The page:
Council looks at fixing Pioneer Center – 4-2 vote nixes option to sell
City leaders are still wondering what to do about the Pioneer Center that sits smack dab in the middle of a block of buildings in downtown Hebron, but Monday night, during the regular council meeting, they turned down the idea of putting it up for sale. In a 4-2 vote, the council denied selling the place in lieu of possibly fixing it up.
The Pioneer Club who ran the Center became defunct in 2010 when the last member passed away. Since then the City has taken over the Center because it houses public restrooms. Howard and Sam Mills volunteer to manage the building keeping the restrooms clean and maintaining the kitchen and main living area for potential rentals. The City pays them a small fee to take care of custodial duties.
But a leaking roof has caused damage to the building and city officials have spent the last several months investigating whether it would be worth repairing. In Monday’s meeting, the council weighed estimated costs of tearing it down or fixing it up.
“It’s going to cost at least $70,000 to tear it down,” said councilman Kurk Wiedel, “and that’s just an estimate. We don’t even know if it can be torn down especially since it shares common walls with buildings on both sides.”
Because the structures share walls, the city must conduct an engineering study prior to actually razing the building.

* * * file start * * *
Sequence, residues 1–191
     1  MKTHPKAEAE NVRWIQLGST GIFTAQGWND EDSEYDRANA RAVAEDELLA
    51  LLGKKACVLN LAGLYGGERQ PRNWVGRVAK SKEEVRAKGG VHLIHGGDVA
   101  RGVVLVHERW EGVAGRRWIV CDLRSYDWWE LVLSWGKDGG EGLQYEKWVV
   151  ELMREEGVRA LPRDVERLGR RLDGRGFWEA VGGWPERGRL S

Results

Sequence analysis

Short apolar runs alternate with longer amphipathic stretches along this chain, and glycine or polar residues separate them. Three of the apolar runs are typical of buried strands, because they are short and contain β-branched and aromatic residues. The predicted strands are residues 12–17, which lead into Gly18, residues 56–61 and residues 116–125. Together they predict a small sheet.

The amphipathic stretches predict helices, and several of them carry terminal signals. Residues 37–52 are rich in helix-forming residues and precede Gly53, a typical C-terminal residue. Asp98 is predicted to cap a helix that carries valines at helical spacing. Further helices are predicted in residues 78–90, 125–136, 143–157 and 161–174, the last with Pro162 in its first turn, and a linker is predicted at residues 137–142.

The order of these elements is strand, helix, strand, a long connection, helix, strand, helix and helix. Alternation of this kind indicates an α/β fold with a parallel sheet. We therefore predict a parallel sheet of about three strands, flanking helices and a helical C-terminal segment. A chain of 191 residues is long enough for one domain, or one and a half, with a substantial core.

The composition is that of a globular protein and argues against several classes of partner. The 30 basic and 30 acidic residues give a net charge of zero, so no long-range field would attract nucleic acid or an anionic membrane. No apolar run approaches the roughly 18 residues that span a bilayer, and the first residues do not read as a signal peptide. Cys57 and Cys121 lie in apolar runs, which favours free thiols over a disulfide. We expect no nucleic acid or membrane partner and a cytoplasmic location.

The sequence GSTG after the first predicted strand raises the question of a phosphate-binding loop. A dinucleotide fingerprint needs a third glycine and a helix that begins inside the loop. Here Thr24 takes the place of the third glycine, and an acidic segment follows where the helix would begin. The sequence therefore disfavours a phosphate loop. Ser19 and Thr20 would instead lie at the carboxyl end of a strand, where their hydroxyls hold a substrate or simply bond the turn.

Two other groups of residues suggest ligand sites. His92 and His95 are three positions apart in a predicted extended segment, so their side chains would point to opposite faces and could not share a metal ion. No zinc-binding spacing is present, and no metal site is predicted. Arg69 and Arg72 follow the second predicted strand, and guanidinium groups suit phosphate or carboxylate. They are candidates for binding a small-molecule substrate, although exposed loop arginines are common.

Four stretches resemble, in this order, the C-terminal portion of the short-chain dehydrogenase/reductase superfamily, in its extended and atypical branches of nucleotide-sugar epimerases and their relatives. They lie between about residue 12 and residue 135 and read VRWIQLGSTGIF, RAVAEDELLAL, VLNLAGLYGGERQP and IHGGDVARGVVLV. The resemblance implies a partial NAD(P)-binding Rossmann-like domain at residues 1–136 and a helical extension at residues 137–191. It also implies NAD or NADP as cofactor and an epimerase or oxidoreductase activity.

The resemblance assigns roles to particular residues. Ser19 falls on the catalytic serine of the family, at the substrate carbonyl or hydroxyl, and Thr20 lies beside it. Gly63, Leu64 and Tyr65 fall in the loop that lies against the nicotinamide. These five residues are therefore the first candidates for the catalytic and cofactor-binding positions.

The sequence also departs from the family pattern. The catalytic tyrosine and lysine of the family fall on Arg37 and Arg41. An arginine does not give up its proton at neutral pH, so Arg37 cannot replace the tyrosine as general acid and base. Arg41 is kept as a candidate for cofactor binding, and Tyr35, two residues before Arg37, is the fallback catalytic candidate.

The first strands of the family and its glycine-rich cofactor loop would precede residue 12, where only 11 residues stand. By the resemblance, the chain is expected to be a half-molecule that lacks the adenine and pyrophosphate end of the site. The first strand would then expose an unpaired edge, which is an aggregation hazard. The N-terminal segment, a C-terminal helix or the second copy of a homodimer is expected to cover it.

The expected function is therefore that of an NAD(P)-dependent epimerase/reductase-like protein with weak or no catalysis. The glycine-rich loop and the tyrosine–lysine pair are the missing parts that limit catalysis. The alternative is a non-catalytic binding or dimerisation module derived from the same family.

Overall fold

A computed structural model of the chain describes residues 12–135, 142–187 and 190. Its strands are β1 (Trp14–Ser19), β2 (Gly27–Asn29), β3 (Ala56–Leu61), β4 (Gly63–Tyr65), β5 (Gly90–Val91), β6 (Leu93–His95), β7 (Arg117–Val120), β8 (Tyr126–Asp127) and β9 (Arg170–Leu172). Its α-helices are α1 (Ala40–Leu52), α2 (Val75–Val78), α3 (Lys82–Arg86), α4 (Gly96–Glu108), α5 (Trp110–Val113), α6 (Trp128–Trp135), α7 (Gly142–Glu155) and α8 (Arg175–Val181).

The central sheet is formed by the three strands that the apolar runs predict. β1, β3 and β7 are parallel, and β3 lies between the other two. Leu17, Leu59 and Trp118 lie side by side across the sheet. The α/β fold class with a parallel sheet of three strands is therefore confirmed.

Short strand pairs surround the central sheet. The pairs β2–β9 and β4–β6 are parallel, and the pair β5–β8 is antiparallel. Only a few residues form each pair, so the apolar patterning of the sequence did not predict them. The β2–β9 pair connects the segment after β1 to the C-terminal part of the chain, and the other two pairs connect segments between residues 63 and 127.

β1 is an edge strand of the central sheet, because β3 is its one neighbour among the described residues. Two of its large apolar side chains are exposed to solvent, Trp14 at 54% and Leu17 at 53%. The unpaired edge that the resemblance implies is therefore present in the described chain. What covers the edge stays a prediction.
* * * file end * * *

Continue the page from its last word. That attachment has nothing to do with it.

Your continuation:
Local contractor Chuck Fink, who was attending the meeting for a separate issue, said he thought the building could be repaired and made into a usable community center for far less than $70,000. “For $15,000, you can put on a rubber membrane roof to stop the leakage,” he said. “Another $2,500 for a suspended ceiling, $7,000 to $8,000 for a new furnace and electrical…I’m just saying, for $70,000 you can tear it down and have nothing, or for less you can fix it and have a community center.”
Fink said structurally the Center isn’t in that bad of shape and the evident damage is fixable adding that the City lost out on potential renters this last year due to the shape it is in now. “There was a family group who wanted to rent it for three days,” he said, “but ended up in Belvidere. For three days that family group would have used the Center and other businesses in this town. But since they weren’t here, their business was lost to Hebron. We need a place for people to hold gatherings. We need a community center.”
The Council toured the building earlier this spring. Councilwoman Beth Goldhammer said the floor might be damaged from the water leakage, and the bathrooms would have to be revamped, “but even if it cost us the full $70,000 to fix it, we’d have something in the end,” she said.
Following the vote, the council decided to collect repair estimates and go over the figures at the Nov. 7 meeting.